Toward Greener Apparel: Sustainable Dye & Recovered Yarns

“The textile dyeing industry has made the cloth beautiful, but turned the clean water black.”

So said Sunyun Yao, an official in Shaoxing County, China, back in 2010. There wasn’t much exaggeration in the statement: China’s textile industry has reportedly discharged 2.5 trillion liters of wastewater into its rivers annually, according to a 2012 report from the non-profit Institute of Public & Environmental Affairs.

Sunyun’s observation and the wastewater figures highlight an inescapable fact about the apparel business, to which everyone in the promotional products industry is connected. And that’s this: The traditional process of making fabrics can have a detrimental impact on the environment, devouring water and polluting.

But in recent years, pioneers in the apparel industry have been working to revolutionize the fabric creation process, making it more sustainable. We recently highlighted Spinnova, a start-up in Finland that makes eco-friendly yarns from wood fibers. In doing research for an upcoming Counselor feature article, we also discovered two other companies, DyeCoo and Hilaturas Ferre S.A., whose efforts could help create a greener – and even more profitable – apparel industry in the decades ahead.

DyeCoo is a Dutch company that uses reclaimed CO₂ instead of water in a patented process to dye textiles. With DyeCoo’s method, no process chemicals, water or wastewater is required, which means wastewater treatment isn’t needed. Rather, the Dutch innovators employ CO2 reclaimed from existing industrial processes as part of a closed loop system to infuse vibrant colors into textiles using 100% pure dyes. “Short batch cycles, efficient dye use, (and) no wastewater treatment all contribute to significantly reduced operating costs,” DyeCoo says.

Apparently, the company is on to something: Nike, Adidas and Peak Performance have products featuring DyeCoo technology. “We are convinced that this trend will continue as more and more brands will increase their demand,” the company says.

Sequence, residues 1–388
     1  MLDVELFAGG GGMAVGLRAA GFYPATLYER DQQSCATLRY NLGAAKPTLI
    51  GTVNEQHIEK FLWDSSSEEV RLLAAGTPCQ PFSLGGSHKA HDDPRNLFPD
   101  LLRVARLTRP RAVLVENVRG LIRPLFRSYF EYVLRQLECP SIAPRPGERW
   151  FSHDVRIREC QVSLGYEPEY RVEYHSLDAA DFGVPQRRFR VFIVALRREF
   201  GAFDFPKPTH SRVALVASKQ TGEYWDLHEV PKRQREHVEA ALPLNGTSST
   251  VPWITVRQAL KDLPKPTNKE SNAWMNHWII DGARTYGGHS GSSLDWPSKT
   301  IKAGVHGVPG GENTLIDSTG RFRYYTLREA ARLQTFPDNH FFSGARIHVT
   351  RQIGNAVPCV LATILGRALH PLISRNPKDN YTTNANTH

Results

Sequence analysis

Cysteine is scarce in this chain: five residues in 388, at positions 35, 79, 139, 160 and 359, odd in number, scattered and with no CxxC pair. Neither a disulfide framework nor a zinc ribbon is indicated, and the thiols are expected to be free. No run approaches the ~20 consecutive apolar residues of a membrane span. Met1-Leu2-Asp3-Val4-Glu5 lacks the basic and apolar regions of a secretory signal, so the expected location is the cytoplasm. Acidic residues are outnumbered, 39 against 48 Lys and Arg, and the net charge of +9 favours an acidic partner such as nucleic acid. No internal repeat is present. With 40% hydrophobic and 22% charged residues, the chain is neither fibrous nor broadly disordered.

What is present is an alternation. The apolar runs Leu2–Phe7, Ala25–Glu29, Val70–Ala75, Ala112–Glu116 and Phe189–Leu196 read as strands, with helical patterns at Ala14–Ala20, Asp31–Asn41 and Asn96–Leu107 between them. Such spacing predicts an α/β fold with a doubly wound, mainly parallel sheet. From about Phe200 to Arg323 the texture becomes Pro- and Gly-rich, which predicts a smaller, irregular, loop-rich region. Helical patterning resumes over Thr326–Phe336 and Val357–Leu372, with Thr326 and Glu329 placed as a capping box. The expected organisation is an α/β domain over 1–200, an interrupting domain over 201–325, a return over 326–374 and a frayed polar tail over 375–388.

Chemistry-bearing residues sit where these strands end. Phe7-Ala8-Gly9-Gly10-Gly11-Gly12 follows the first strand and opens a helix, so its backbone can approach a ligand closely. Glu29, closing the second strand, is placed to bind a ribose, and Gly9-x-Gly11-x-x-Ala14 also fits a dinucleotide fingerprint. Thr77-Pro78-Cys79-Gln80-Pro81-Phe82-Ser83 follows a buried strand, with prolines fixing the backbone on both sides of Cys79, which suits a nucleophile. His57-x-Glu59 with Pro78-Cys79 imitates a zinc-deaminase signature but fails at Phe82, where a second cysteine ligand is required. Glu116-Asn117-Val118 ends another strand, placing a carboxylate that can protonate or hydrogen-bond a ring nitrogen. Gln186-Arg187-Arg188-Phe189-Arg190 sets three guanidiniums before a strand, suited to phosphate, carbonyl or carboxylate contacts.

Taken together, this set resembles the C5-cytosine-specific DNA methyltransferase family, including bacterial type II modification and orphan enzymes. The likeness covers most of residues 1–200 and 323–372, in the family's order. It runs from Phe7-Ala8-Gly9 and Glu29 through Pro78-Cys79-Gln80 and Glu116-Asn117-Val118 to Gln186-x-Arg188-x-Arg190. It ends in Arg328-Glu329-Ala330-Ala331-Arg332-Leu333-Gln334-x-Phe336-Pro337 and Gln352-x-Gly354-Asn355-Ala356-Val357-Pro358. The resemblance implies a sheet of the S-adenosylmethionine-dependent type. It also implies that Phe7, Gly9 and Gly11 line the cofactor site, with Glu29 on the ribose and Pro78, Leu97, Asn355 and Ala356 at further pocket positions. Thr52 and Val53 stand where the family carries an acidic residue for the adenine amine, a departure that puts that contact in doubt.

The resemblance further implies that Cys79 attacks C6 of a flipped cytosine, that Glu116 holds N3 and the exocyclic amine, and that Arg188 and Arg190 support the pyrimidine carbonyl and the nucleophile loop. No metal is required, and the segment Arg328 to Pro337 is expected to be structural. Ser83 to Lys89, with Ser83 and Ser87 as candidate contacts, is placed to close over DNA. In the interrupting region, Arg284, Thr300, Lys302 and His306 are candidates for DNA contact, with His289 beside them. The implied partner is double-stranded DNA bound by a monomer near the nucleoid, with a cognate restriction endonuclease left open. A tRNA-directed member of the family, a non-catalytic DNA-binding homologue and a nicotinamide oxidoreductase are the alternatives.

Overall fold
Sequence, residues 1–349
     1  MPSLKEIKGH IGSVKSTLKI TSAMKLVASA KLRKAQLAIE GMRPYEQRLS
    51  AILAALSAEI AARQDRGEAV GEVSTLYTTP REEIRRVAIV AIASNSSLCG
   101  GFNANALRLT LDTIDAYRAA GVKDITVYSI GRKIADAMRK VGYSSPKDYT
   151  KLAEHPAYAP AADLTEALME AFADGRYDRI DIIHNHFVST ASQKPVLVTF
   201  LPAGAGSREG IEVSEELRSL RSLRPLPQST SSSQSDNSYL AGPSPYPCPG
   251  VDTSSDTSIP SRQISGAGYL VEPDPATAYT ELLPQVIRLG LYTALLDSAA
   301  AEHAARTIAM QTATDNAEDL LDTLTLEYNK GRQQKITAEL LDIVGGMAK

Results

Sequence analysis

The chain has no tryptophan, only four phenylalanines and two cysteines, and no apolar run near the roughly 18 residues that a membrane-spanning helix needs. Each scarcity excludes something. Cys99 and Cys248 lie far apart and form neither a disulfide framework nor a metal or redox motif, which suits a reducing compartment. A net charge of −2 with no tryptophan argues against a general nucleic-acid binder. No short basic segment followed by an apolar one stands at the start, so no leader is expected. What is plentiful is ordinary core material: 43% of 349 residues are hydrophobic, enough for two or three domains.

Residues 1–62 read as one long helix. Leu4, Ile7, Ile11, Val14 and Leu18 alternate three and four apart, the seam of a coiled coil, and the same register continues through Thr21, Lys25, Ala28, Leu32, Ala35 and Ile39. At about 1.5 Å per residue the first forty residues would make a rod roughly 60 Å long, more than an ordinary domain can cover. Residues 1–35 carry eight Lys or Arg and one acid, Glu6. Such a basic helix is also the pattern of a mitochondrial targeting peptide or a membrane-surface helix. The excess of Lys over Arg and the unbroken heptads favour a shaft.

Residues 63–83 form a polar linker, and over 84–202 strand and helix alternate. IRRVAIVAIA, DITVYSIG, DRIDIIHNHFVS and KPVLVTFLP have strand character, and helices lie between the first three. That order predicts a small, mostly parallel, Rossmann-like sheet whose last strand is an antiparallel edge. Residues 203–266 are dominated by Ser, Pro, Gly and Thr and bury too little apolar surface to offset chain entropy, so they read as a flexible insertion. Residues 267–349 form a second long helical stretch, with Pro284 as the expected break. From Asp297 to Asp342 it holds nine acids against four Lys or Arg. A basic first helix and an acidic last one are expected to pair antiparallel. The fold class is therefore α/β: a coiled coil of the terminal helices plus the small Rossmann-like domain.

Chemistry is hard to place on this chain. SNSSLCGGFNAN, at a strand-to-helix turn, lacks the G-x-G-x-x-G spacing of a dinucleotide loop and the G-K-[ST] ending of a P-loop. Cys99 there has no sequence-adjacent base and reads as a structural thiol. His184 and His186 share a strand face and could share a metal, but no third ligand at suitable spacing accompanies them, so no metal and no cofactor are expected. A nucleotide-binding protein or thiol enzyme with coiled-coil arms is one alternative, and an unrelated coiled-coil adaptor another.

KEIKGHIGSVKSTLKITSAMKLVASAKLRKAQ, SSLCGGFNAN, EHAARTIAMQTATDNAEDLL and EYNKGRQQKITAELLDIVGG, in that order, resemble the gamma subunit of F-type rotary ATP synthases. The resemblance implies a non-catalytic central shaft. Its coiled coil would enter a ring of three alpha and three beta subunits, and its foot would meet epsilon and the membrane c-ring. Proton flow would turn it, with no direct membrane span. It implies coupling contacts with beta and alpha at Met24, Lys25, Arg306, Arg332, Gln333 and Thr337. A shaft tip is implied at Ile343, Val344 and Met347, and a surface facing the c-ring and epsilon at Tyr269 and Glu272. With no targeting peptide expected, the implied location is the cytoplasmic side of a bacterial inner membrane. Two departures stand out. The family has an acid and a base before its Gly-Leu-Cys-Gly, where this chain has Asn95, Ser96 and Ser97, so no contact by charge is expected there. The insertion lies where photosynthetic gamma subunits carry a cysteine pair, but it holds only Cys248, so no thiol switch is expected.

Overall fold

In Spain, Hilaturas Ferre S.A. is upcycling textile waste into recycled yarns. The company cuts the waste into consistent smaller pieces and then shreds it to reclaim the longest possible fibers. From there, a “colorblend” process enables consistent color-matching of cotton fibers without the use of dyes. A finishing process involving the infusion of carrier fibers and spinning results in high-quality, color-correct yarns that are used to make apparel, accessories and home textiles. Through its “Recover” process, Ferre saved 42.3 billion liters of water, 6.8 million pounds of pollutants, and 130 million pounds of CO2 emissions in 2016 – numbers verified by Universitat de València and UNESCO. (Yowzers!)

While such sustainable products and processes are not yet the standard, apparel industry insiders expect them to become more pervasive. One day, promo apparel suppliers say, sustainable apparel could become a strong selling point in the branded merchandise industry, which has already experienced a rise in eco-friendly items, such as shirts made from recycled plastic bottles. “The emphasis on sustainability is going to grow,” says Andrea Lara Routzahn, senior VP of portfolio and supplier management at Top 40 supplier alphabroder (asi/34063). “Millennials are gaining greater buying power, and they’re not walking away from sustainability.”